from John West, director, Red Retail Interim
Sir; re Simon Howard's Careers File article (The Grocer, November 2, p60). I wonder if he really understands what makes an independent professional? He wrongly groups all those who work as independents under one heading. There are distinct differences between freelancers, interim managers, temps and consultants, that any of these would be only to pleased to describe.
Firstly, interim managers and consultants are certainly not the same. The role of the interim is to manage, to implement, to be a decision maker bringing the expert knowledge of achievement and background to any assignment on which they are working. The role of the consultant is to consult, to advise, to gather information and to recommend ­ often being followed by an interim manager who comes along to act out those recommendations.
Both are highly proficient professionals with mature and expert skills. It is not uncommon for larger consultancy firms to have interim management divisions specifically for this provision.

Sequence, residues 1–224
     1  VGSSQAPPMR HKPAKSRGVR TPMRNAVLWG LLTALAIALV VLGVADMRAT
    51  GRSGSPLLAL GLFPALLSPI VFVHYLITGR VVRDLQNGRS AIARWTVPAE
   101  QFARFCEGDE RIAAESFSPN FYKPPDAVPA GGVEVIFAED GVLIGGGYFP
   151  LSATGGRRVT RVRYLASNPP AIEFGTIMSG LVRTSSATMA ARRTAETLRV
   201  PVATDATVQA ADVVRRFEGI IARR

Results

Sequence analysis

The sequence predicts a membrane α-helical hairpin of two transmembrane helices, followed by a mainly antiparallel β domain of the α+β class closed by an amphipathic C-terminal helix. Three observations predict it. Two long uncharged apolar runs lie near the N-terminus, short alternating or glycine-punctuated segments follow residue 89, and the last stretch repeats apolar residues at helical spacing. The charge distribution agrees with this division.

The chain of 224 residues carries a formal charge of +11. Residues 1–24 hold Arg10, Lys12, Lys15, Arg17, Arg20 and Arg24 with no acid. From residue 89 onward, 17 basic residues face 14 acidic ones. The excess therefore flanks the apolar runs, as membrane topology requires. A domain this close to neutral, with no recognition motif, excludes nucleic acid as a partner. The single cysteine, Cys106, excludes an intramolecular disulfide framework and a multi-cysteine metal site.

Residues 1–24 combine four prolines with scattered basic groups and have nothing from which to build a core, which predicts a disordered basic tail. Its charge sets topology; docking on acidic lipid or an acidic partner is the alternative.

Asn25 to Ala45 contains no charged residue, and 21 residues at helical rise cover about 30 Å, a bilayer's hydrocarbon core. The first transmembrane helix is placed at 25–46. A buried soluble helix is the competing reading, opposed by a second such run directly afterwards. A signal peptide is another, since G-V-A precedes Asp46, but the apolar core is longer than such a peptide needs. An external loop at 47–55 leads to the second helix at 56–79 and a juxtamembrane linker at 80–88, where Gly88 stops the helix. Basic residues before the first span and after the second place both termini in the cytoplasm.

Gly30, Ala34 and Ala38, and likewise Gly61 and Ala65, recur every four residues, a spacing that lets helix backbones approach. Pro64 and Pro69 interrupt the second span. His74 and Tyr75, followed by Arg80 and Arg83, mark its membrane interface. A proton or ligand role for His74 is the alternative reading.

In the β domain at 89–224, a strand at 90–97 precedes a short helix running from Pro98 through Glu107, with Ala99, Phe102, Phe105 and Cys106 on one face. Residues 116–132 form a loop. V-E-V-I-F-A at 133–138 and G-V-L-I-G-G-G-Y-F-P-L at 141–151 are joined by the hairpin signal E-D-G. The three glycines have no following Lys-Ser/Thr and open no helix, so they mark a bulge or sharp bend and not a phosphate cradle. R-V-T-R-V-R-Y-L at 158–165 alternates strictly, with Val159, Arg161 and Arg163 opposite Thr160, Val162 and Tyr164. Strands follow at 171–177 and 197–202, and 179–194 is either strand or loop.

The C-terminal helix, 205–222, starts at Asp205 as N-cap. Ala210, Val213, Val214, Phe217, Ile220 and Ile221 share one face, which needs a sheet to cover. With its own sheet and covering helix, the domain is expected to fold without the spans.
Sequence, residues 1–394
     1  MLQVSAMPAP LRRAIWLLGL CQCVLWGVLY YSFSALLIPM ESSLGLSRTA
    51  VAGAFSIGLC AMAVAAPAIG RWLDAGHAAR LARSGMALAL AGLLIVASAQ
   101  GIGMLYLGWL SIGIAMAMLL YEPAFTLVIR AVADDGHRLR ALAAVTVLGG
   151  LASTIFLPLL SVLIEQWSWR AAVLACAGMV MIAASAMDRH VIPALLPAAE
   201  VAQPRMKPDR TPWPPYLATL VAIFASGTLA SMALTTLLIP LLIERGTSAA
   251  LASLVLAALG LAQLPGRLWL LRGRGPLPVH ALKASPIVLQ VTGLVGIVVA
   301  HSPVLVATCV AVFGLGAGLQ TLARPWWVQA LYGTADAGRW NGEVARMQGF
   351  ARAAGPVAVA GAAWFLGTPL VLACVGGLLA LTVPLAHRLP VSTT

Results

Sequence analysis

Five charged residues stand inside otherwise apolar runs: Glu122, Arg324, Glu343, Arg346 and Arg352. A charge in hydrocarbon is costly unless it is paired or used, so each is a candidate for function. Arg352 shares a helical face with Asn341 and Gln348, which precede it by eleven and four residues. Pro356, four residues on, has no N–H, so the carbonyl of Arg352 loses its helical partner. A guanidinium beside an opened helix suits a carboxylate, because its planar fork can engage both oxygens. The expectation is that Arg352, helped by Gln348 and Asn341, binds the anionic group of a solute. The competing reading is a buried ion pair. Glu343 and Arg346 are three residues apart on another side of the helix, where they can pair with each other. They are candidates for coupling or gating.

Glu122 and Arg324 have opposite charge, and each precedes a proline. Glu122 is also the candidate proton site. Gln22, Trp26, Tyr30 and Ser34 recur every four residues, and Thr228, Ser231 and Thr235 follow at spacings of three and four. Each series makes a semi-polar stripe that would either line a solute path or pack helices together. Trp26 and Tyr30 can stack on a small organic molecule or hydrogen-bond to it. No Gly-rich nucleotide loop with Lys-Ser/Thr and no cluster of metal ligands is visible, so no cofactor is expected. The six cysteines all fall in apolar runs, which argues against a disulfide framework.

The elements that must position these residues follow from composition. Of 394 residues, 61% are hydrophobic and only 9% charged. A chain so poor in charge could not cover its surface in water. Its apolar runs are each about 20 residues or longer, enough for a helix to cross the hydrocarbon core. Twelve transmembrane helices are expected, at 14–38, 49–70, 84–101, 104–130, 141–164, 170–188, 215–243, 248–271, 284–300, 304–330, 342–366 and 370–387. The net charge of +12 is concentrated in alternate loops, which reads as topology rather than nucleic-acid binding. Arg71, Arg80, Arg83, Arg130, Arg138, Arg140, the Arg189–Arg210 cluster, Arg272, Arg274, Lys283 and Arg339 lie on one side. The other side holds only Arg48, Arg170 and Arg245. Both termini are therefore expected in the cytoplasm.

To add freelancers and temps to this list is frankly insulting, as the terminology alone conjures up lower paid and lesser qualified people who work on a casual basis. They have their place, but not in this context.
People who have chosen the independent lifestyle as a positive career choice occupy the realm where acquired and trained skills, and a sound record of achievement across broad experience scenarios, can make for precise and expert solutions to industry problems.
In an employment market where flexible solutions to immediate problems, as well as the need to run projects which are outside of the scope of already pressured executives is key, a diverse arsenal of weaponry is desirable rather than a blunderbuss approach.